We can’t be satisfied fully as performers until we see and connect to our audiences again. This longing goes beyond the classical world, to the dancers, actors and popular artists all of whom can’t see their beloved audiences to give to. Performing makes practice worthwhile. It gives meaning and motivation to the hours upon hours of individual study, lessons and relationships put under strain during preparation. I struggle to see practice in any other way, but here I am being forced to try.
What if the ‘point’ of our artistic practice changes for a time? It occurred to me that this time of slowness might be valuable to see in terms of a time of contemplation. A time of rest, discovery and recovery as we consider whether our previous lives served us fully. What can we take back and what can we change, whenever we go back to full vigour?
Many religious and spiritual communities agree that central to their faith is compassion, love and kindness. A dedicated prayer and mediation practice gives room for true peace, separate to that which the world and the ego promises. Space and time is made for retreat and pilgrimage to give up the comforts of everyday life and seek something deeper. We are without our audience, so our everyday life has changed from how we knew it. This is our pilgrimage. Our time of contemplation. We don’t need to prove our relevance to anyone, we need people to see the power of music and art to bring people closer to themselves and the world around them.
The American Franciscan friar, Fr Richard Rohr is the founder of the Center for Action and Contemplation (CAC) in Albuquerque, New Mexico. Fr. Richard’s teaching is grounded in the Franciscan practices of contemplation and self-emptying, expressing itself in radical compassion, particularly for the socially marginalised. Richard focuses on the importance of acting out of an awareness of our common union with all beings. Often as musicians, we can feel tempted to separate ourselves from others in society, perhaps, completely unknowingly, performing for certain people or sacrificing our relationships for music and practice.
There has been a glamorisation through the years of the ‘tortured’ artist. Sometimes we are taught to believe that the more sacrifices we make, the better musician we will become. The problem is that this isn’t usually in line with our needs as humans. We need to cultivate space for silence, connection and reflection and then subsequently see how our practice can fit into that space. Our time away from persistent and compulsive performing and practicing could be the time to explore this and see how much wider we can spread as a community.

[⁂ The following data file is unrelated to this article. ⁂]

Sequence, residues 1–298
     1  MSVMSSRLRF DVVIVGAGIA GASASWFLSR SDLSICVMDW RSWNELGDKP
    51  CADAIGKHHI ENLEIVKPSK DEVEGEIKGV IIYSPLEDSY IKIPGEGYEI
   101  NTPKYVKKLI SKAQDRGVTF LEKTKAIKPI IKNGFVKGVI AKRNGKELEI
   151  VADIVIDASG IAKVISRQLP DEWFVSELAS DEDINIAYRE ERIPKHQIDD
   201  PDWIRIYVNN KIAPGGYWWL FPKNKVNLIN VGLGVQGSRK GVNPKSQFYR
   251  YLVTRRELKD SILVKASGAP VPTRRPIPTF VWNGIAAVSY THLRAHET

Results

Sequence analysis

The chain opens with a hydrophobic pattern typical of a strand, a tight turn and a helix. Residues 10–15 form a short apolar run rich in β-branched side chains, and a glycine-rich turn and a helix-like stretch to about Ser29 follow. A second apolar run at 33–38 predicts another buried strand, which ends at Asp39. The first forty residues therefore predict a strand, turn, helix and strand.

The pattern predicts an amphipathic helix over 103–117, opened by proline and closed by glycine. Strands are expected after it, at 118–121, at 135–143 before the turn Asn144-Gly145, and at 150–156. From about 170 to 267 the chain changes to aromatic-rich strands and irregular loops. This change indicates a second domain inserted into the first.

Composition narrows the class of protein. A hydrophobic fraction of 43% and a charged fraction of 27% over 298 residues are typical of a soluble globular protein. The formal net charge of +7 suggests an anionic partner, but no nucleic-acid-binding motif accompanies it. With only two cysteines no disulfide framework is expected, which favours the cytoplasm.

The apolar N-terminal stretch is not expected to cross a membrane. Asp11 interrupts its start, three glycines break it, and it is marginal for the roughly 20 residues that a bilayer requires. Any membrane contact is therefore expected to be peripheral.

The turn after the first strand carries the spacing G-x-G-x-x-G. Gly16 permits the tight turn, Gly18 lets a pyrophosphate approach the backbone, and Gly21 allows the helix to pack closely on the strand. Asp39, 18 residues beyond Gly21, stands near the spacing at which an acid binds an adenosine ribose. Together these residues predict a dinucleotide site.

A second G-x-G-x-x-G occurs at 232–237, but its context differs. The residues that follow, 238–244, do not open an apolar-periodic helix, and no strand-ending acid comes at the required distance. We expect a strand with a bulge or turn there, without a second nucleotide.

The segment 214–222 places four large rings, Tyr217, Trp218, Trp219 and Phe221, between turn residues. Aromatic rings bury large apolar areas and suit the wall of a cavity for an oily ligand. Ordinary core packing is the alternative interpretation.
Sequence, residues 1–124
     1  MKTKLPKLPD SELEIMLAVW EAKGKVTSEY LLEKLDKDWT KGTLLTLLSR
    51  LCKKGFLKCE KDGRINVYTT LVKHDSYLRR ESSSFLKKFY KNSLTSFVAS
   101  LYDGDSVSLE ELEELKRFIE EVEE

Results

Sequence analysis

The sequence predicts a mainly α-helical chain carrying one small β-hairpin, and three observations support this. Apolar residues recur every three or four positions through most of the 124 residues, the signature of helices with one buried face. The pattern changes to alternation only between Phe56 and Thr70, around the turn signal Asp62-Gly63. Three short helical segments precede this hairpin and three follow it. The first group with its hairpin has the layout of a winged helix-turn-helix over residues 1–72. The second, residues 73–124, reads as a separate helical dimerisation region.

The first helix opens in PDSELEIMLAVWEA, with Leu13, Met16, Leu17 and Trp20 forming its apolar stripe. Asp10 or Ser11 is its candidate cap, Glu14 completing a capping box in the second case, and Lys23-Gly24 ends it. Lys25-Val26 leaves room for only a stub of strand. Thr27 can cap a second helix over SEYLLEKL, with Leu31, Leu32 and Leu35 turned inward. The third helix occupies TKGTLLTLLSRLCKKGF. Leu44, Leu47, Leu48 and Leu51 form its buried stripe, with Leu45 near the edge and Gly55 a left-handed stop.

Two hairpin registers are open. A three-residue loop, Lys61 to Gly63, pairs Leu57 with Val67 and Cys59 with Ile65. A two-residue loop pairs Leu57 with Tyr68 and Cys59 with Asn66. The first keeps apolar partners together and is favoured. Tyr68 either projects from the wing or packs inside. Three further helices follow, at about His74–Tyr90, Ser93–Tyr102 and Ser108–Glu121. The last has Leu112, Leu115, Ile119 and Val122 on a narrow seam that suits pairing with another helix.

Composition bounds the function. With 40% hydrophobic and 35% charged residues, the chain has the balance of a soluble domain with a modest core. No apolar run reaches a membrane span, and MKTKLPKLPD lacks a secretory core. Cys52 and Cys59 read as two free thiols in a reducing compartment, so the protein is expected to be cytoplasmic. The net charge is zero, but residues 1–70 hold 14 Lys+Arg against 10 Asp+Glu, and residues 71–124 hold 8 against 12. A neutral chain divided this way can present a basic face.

It is easy to speak purely in spiritual terms if the reality of financial loss isn’t an issue, which it most certainly is. Many of us are looking to the government or generous charities for financial support in this time. Because of the apparent lack of value in the arts from our government, remaining as musicians is becoming a challenge. Some have made drastic life decisions and others graduating, like me, are looking into alternative ways of living whilst the virus runs its course. Our community has shifted, but is still strong. Still, the struggles we face in this time, both personal and financial, can be terrifying and I don’t want to downplay that.
This new situation that our lack of work has created doesn’t need to be the end. Our lives have opened in new ways. New ways of making ends meet financially and new ways of being vulnerable and asking for help when we need it. This maybe isn’t a time of huge musical thriving, nor close connection with our beautiful vast audiences, and that’s ok. We each have space to find a new voice in the silence, whether that be through a new artistic practice, or spending these months – or years – dedicated to research, teaching, study or composition.
We haven’t lost anything, because the world continues to move and change. We are being told that this time is ‘terrible for the arts’, but why do we believe it? Things are bound to change, close, move and fail. This is the nature of the world. We can be open to the joy and new opportunities this might give us. New ways to connect, share and let go of our rigid self expectations. Maybe soon the ways we judge ourselves will shift and we can enjoy our musical gifts in this moment, without believing this constant need for more and better.